Water elevation in Lake Powell.

85521.ngsversion.1422286517028.adapt.676.1Photograph by Michael Melford, National Geographic Creative

I’ve been living in Utah for the last six years, give or take, and my friends and I have spent a lot of time exploring southern Utah national and state parks.

One of the most iconic bodies of water in the region is Lake Powell, a reservoir on the Colorado River that straddles both Utah and Arizona. Lake Powell is best known for its orange-red Navajo Sandstone canyons, clear streams, diverse wildlife, arches, natural bridges, and dozens of Native American archeological sites.

Since its 1963 creation, Lake Powell has become a major destination for the two million visitors it attracts annually. You can see why we love spending time there:

10590510_10154540007750624_787829644479667926_nPhotograph by my friend Kelsie Moore.

10532870_10154540023060624_3323817325450871258_nPhotograph by my friend Kelsie Moore.

Lake Powell is the second-largest man-made reservoir in the U.S., storing 24,322,000 acre feet of water when completely full. The lake acts as a water storage facility for the Upper Basin States (Colorado, Utah, Wyoming, and New Mexico) but it must also provide a specified annual flow to the Lower Basin States (Arizona, Nevada, and California).

Recent drought has caused the lake to shrink so much, however, that what once was the end of the San Juan River has become a ten-foot waterfall, according to National Geographic. As of 2014, reservoir capacities in Lake Powell were at 51% and the nearby Lake Mead was at 39%.

Drought has really reshaped the Colorado River region. According to the U.S. Drought Monitor, 11 of the past 14 years have been drought years in the southwest region, ranging from “severe” to “extreme” to “exceptional” depending on the year. You can see how drastically the landscape has changed over the past decade by taking a look at this series of natural-color images taken by a the Landsat series of satellites.

This week in ICM, we’re learning how to use objects and arrays in javascript. I wanted to produce a simple data visualization that displayed historical data about the water elevation in Lake Powell since its creation in the 1960s. I also knew that I wanted to use some kind of organic sound in the visualization, exploring p5.sound library.

See the final visualization here.

Screen Shot 2015-10-08 at 11.59.52 AM

I found a database online that contained the information I needed and I created a CVC file that detailed the year in one column and the elevation values in another column.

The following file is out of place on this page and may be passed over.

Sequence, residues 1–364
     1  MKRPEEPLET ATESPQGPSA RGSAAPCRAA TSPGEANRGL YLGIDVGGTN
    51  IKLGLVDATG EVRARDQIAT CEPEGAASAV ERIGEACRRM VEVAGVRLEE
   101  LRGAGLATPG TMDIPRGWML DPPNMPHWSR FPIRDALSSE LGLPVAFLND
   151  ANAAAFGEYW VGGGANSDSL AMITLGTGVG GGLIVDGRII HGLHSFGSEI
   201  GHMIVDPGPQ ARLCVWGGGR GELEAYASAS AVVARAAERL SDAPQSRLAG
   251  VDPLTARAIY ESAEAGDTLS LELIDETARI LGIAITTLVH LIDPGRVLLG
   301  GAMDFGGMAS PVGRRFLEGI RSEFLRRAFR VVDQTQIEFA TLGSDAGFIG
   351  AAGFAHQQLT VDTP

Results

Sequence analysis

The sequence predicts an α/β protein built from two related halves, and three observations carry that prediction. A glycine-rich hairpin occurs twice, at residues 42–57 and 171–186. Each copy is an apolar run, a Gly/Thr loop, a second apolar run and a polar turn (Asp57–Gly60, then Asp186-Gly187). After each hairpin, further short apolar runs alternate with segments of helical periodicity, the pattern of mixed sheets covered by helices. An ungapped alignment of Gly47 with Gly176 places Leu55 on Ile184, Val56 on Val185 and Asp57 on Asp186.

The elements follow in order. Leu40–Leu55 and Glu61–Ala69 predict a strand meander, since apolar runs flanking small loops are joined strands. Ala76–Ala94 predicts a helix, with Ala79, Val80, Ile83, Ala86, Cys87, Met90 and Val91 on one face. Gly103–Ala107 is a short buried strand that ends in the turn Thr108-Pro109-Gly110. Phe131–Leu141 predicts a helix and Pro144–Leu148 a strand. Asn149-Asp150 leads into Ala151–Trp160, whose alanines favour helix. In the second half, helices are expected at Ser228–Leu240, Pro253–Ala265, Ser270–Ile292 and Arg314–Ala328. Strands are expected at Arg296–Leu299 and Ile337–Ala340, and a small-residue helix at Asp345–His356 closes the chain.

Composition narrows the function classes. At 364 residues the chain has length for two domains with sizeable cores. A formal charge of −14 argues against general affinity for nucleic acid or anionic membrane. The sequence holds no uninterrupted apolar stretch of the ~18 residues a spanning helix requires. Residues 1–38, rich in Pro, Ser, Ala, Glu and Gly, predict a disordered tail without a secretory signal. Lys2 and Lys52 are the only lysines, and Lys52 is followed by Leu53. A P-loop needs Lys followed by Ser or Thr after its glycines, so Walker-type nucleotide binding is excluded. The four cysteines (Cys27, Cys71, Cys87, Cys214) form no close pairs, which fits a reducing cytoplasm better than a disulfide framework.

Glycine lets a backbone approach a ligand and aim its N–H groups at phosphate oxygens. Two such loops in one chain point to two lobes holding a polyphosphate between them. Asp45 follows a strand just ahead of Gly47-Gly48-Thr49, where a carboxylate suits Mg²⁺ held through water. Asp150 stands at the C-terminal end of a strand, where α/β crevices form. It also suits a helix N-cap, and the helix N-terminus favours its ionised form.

At first, I envisioned an animated visualization that snaked across the screen and split into fractals as you cycled through each year in the database. I liked the idea of having the design mimic the structure of the Colorado River. Here was my initial sketch:


I started playing around with the code and was able to produce an array of values from the CVC file. For instance, I created an array “elevation[]” that pulled the water elevation value for a given year. I wrote some code that allowed me to cycle through the years:

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After getting the years to cycle chronologically, I made an animation of a white line moving across the screen. For each new year, I wanted to draw a bar extending from the white line that helped visualize how the water levels were changing from year to year.

I created a function Bar () and gave it some parameters for drawing each of the bars.

Screen Shot 2015-10-08 at 12.06.52 PMScreen Shot 2015-10-08 at 12.06.59 PMScreen Shot 2015-10-08 at 12.07.31 PM

After defining the function, I started the animation by typing bar.display () with the specified parameters under function draw (). The bars were now a new object.

Next, I wanted to add sound to the visualization. I thought about a few different organic sounds: rainfall, rivers flowing, thunder, etc. In the end, I found a field recording of a thunderstorm in southern Utah and I immediately fell in love with the sound.

Every time a new year started, I introduced a 20-second clip of the sound so that over time you can hear the rolling thunder. I added some brown noise to sit underneath the sound file and some oscillation effects.

Screen Shot 2015-10-08 at 12.16.06 PM

When a new year starts, a new sound file plays, layering over the last sound. When the visualization finishes, the sound disconnects.

Screen Shot 2015-10-08 at 12.16.14 PMScreen Shot 2015-10-08 at 12.16.21 PMHere’s a video of the visualization:

Overall, I liked how this sketch turned out, but I had some major problems with this visualization.

First off, I think that the data I obtained (water elevation values by year) told a much less dramatic story than I had expected. I realized as I was doing research for this blog post that during droughts, it’s not the reservoir levels that experience the most dramatic decline, but the outflux of water is reduced significantly. I think that if I were to do this project again, I would have spent more time researching the data set I wanted to use.

Second, I really didn’t love the simple animated graph I produced. Yes, it told the story in a straightforward way, but I really wanted to produce a fractal/river shape that was more visually compelling than just straight lines. I couldn’t figure out how to do it in time so I might try doing it for a future project.

I think that adding the sounds made this visualization much more interesting and I want to keep exploring the p5.soundLibrary for future sketches.



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